• Take child’s rectal temperature every 2 hours until it rises to <36.5°C, If using a heater, take it every 30
    minutes
  • Cover the child at all times, especially at night. Keep head covered with hat to prevent heat loss
  • Check for hypoglycaemia

DEHYDRATION

  • In both oedema and non-oedematous SAM, the margin of safety between dehydration and over-hydration is very narrow. Exercise care and caution to avoid over-hydration and risk of cardiac failure
    • Assume that all children with watery diarrhoea or reduced urine output have some dehydration
TREATMENT
  • Do NOT use IV route for rehydration, except in cases of shock
  • Rehydrate slowly, either orally or by NGT using ReSoMal, a specially prepared rehydration solution for
    malnutrition, The standard ORS has a high sodium and low potassium content, which is not suitable for SAM,
    except if profuse diarrhoea is present
  • Give ReSoMal more slowly than you would when rehydrating a well-nourished child
    • Give 5 ml/kg every 30 minutes for the first 2 hours
    • Then give 5-10 ml/kg per hour for the next 4-10 hours, with F-75 formula. Exact amount depends on how
      much the child wants, the volume of stool loss and whether the child is vomiting

If ReSoMal not available:

  • Give half strength standard ORS, with added potassium and glucose as per the ReSoMal recipe below, unless the child has cholera or profuse watery diarrhoea
  • If rehydration still required at 10 hours, give starter F-75 instead of ReSoMal, at the same times. Give the same
    volume of starter F-75 as of ReSoMal

If child is unconscious, in shock or severe dehydration

  • Give IV fluid Darrow’s solution or Ringer’s lactate and 5% glucose (or if not available, ½ saline and 5% glucose
    at 15 mL/kg the first hour and reassess

    • If improving, give 15 mL/kg in second hour
    • If conscious, give NGT ReSoMal
    • If not improving, treat for septic shock

Monitoring

  • ONLY rehydrate until the weight deficit is corrected and then STOP, DO NOT give extra fluid to ”prevent
    recurrence” (from specialist’s notes)
  • During rehydration, respiration and pulse rate should fall and urine passing should start
  • Return of tears, moist mouth, improved skin tugor and less sunken eyes and fontanelle are a sign of rehydration. SAM children will not show these and so weight gain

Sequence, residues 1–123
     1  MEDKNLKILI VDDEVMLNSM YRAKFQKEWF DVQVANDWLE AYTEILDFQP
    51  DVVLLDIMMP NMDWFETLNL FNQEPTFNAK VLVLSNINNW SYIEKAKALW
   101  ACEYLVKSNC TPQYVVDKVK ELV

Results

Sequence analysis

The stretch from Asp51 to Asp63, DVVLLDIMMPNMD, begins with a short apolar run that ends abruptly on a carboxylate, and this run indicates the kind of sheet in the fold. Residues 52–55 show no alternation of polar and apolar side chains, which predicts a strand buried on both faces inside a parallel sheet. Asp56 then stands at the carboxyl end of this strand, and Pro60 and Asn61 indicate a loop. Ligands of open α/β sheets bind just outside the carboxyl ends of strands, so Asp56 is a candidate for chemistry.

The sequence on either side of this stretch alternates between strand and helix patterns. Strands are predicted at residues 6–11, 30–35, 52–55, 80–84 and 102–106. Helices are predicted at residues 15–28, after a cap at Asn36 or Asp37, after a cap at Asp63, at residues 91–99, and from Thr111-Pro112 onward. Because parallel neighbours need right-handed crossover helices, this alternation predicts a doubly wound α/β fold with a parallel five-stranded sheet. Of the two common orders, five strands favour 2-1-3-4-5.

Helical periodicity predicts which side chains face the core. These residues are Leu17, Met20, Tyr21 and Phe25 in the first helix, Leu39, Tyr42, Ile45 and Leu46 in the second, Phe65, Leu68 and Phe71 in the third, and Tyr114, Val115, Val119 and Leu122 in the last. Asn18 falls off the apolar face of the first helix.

should be measured
  • Monitor progress of rehydration every 30 minutes for 2 hours, then every hour for the next 4-10 hours

Be alert for signs of overhydration, which is dangerous and can lead to heart failure. Check for:

  • Weight gain (make sure it is not quick or excessive)
  • If increase in pulse rate by 25/minute, respiratory rate by 5/minute is present, stop ReSoMal. Reassess after
    1 hour
  • Urine frequency (if child urinated since last check)
  • Enlarging liver size on palpation
  • Frequency of stools and vomit

Prevention

  • Same as in dehydration in well-nourished child, except that ReSoMal is used instead of standard ORS. Give
    30-50 ml of ReSoMal (for child <2 years) and 100 ml (for child ≥2 years) after each watery stool.

    • Small, frequent, unformed stools are common in SAM and should not be confused with profuse watery stools,and they do not require treatment
  • Continue breastfeeding
  • Initiate re-feeding with starter F-75
  • Give ReSoMal between feeds to replace stool lossess. Give 50-100 ml after each watery stool

Recipe for ReSoMal using the standard WHO ORS

INGREDIENT AMOUNT
Water 2 litres
WHO-ORS One 1-litre packet
Sucrose 50 g
Electrolyte/mineral solution 40 ml

ELECTROLYTE IMBALANCE

  • All SAM children have deficiencies of potassium and magnesium, which may take up to 2 weeks to correct
  • Oedema is partly due to potassium deficiency and sodium retention
    • Do not treat oedema with diuretics
    • Giving high sodium doses could kill the child
TREATMENT
  • Give extra potassium (3-4 mmol/kg per day)
  • Give extra magnesium (0.4-0.6 mmol/kg per day)